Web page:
Now that Valentine’s Day is over we can now get to what February is all about, cozying up on the couch and watching some true crime documentaries! (That might just be my Februarys). But in my opinion Netflix has turned the true crime documentary genre into something of a cult following where we all gear up to watch these miniseries (you know if you are into learning about some of the most disturbing crimes that have happened).
There are some extremely popular ones out there like Conversations with a Killer: The Ted Bundy Tapes or Making a Murderer but I wanted to discuss some of the more underrated documentaries in my opinion.
With this said there is all do respect to the victims and the family members of the victims that were hurt. If topics such as assault and sexual abuse are hard for you to handle this is an official trigger warning, these documentaries are not for everyone and I completely understand everyones boundaries. But here we go,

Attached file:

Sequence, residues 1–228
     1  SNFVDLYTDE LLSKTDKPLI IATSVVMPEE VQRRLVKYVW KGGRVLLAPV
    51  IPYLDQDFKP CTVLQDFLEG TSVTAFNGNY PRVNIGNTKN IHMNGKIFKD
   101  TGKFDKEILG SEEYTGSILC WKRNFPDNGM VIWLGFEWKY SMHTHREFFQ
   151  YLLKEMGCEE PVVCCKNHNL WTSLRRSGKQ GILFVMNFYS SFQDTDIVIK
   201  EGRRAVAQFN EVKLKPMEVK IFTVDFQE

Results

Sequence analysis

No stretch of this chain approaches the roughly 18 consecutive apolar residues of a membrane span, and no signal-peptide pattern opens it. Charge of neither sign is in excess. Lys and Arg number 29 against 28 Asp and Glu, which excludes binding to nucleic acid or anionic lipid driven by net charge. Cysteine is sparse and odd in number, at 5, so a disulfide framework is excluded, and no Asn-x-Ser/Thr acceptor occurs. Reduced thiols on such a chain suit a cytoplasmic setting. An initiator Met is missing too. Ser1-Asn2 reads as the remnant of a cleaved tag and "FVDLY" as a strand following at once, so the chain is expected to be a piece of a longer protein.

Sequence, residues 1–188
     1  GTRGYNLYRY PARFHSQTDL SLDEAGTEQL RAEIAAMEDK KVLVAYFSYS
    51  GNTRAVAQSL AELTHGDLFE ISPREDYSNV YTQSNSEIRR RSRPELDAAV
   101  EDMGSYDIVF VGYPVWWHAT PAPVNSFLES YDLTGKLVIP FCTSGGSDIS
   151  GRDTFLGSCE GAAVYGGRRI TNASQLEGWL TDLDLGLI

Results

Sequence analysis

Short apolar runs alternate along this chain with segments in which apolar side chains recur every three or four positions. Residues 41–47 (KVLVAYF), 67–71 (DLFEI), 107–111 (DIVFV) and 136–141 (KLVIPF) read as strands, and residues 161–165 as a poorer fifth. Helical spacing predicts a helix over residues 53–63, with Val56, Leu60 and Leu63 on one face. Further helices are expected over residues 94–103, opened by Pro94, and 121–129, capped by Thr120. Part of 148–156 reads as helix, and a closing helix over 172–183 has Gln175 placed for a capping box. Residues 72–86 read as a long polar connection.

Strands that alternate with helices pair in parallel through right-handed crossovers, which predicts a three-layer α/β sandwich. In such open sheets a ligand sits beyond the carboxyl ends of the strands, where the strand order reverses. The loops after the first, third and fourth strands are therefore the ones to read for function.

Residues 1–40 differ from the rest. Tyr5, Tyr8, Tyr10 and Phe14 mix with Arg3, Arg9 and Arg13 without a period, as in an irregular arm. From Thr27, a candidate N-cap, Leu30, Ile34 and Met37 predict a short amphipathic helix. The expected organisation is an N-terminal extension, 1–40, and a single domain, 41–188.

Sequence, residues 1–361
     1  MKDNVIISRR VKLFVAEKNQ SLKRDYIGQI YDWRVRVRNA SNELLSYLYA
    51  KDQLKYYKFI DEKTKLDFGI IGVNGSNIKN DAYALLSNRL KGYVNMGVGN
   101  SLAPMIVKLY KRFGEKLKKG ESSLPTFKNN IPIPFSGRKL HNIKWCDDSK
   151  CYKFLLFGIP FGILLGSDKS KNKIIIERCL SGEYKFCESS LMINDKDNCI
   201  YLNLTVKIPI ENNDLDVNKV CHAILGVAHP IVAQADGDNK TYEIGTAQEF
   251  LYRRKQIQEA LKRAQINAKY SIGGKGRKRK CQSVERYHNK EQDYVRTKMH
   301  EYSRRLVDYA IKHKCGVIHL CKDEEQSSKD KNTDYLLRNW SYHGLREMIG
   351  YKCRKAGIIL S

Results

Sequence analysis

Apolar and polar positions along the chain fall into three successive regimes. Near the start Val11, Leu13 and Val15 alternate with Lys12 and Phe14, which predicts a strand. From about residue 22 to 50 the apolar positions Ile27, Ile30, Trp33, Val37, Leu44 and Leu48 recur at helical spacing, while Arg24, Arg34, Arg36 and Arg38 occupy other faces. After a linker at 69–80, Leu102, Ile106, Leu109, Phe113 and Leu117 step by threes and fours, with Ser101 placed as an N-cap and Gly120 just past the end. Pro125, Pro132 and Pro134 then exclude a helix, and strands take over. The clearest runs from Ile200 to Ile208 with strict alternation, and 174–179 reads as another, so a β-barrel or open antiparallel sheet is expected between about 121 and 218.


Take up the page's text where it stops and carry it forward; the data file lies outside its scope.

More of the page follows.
Idk how to interpret true crime being the #1 trender on Netflix on Valentines Day. pic.twitter.com/1hnMvVKudw
— Thomas Stoneham-Judge (@beingTSJ) February 15, 2021
Don’t F*ck With Cats (2019): I don’t remember this documentary getting as much hype as I originally thought it should, but this documentary miniseries is a ride. It is about the brutal murder of Lin Jun and the killer who was a self obsessed psychopath who sparked rage on the internet as he would post videos of him killing cats. The internet groups trying to put a stop to him end up helping to solve who this man was. This killer sparked an international manhunt and really showed the lengths people on the internet will go if you f*ck with cats.
How To Fix a Drug Scandal (2020): This documentary miniseries centres around two drug lab chemists and how their separate drug tampering incidents spanned over years and affected the lives of so many people including their own. It was an interesting look at how much we hold drug lab chemists to the highest standard of truth in the legal system but some labs don’t have policies in place to make sure they are doing their jobs correctly and honestly.
Abducted in Plain Sight (2017): I remember exiting watching this documentary series feeling angry and hopeless towards adults. All the horrific events that happened to a 12 year old Jan Broberg could have been easily avoided, it is a heartbreaking watch, but still you can’t take your eyes off the screen or believe what falls out of the mouths of the adults in this show. If you can stomach topics of child abuse and sexual assault this is a crazy documentary to watch.